The beauty of this approach shines in its ability to serve both green field and brown field projects. In the green field approach, where a customer wants the consultants to take the reins and implement top to bottom, the approach serves as a blueprint. In a brown field model, where the customer has input and opinions and desires integration and customization, the approach can be adapted to the customer’s environment, relative to the original blueprint.

So whether you’re building your skyscraper from the ground up, or remodeling an existing tower, the new SDDC Assess, Design and Deploy Service provides an adaptable model, with a great starting point that will help you get the best out of your investment.

Stay tuned for an upcoming post that gives you a look under the hood of the work stream process for implementing the technical solution.


Ford Donald is a Principal Architect and member of Professional Services Engineering (PSE), a part of the Global Technical Solutions (GTS) team, a seven-year veteran of VMware. Prior to PSE, Ford spent three years as a pre-sales cloud computing specialist focusing on very large/complex virtualization deployments, including the VMware sales cloud known as vSEL. Ford also served as coreteam on VMworld Labs and as a field SE.

 

Go for the Gold: See vSphere with Operations Management In Action

If there’s anything we’ve learned from watching the recent Winter Olympics, it’s that world-class athletes are focused, practice endless hours, and need to be both efficient and agile to win gold.

When it comes to data centers, what sets a world-class data center apart is the software. A software-defined data center (SDDC) provides the efficiency and agility for IT to meet exploding business expectations so your business can win gold.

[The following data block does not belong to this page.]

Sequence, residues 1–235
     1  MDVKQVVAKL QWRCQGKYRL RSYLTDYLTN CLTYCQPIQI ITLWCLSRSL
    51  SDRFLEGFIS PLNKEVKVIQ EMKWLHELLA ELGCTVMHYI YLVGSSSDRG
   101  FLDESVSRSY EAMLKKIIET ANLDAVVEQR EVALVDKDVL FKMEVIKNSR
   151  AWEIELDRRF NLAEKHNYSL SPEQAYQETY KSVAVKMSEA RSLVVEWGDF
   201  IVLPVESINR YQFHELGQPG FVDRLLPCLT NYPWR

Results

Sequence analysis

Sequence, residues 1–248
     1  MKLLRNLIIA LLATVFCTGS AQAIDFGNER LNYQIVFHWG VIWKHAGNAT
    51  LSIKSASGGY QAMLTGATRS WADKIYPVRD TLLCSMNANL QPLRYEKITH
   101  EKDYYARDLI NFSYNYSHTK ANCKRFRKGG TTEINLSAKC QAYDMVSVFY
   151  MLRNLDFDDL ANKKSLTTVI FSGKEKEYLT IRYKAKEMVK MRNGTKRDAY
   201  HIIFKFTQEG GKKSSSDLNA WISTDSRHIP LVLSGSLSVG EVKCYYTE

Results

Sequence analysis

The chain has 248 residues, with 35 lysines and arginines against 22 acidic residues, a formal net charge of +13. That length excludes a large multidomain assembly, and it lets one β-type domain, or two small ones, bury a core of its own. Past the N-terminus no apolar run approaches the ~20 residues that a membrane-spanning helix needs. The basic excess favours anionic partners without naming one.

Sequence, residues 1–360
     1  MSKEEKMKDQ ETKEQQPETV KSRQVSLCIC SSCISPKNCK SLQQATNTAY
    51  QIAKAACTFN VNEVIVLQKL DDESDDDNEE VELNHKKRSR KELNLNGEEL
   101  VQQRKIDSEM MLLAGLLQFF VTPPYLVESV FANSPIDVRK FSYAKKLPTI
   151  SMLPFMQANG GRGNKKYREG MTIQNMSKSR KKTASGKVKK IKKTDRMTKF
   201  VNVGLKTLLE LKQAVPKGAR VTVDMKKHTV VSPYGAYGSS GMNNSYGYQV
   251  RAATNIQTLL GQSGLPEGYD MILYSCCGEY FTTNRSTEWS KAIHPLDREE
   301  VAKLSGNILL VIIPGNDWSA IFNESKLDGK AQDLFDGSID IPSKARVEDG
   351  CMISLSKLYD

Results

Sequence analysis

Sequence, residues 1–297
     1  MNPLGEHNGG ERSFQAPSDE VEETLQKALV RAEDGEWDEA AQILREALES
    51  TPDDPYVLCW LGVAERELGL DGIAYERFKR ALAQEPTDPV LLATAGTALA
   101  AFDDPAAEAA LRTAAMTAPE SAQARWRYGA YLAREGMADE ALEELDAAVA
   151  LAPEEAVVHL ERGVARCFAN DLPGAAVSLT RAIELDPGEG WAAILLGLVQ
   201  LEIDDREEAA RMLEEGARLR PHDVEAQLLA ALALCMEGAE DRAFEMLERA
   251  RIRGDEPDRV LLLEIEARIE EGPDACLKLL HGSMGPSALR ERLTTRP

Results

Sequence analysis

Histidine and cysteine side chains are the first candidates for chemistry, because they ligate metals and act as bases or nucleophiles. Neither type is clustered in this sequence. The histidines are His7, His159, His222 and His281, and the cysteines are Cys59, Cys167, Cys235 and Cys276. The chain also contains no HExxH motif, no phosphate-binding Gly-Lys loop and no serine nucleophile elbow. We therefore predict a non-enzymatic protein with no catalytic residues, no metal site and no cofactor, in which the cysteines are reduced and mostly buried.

The VMware exclusive seminar is here! Join us to learn about the latest in SDDC.

Now through March 19, VMware TechTalk Live is hosting free, interactive half-day workshops in 32 cities across the U.S. and Canada. Attendees will get to see a live demo of vSphere with Operations Management.

The workshops will also provide a detailed overview of the key components of the SDDC architecture, as well as results of VMware customer surveys explaining how the SDDC is actually being implemented today.

Check out the TechTalk Live event information to find the location closest to you and to reserve your spot.

SDDC + SAP = CapEx/OpEx Savings

By Girish Manmadkar, an SAP Virtualization Architect at VMware

Earlier this month, my colleague David Gallant wrote about architecting a software-defined data center for SAP and other business-critical applications. I’d like to further explore how SAP fits into the software-defined data center (SDDC) and, specifically, how to optimize it for CapEx and OpEx savings.

A key to remember is that the SDDC is not a single technology that you purchase and install—it is a use case, a strategy, a mind shift. And in that way, it is also a journey that will unfold in stages and should be planned in that way. I’ve outlined the three foundational steps below.

SDDC 1.0

Most of the customers that I work with are well along in this stage, moving their current non-x86 SAP workloads toward a VMware-based x86 environment.

During this process, numerous milestones can be delivered to the business, in particular, an immediate reduction in their CapEx. This benefit is achieved by starting to move non-x86 or current physical x-86 workloads to the virtual x-86 OS platform. Understandably, customers tend to approach this transition with caution, so we often start with low-hanging fruits: non-production and/or development SAP systems.

The next step you can take is to introduce automation. Automation comes in two places: at the infrastructure layer, which is achieved using VMware vCloud Automation Center and Orchestration; and at the application layer, delivered using SAP’s Landscape Virtualization Manager.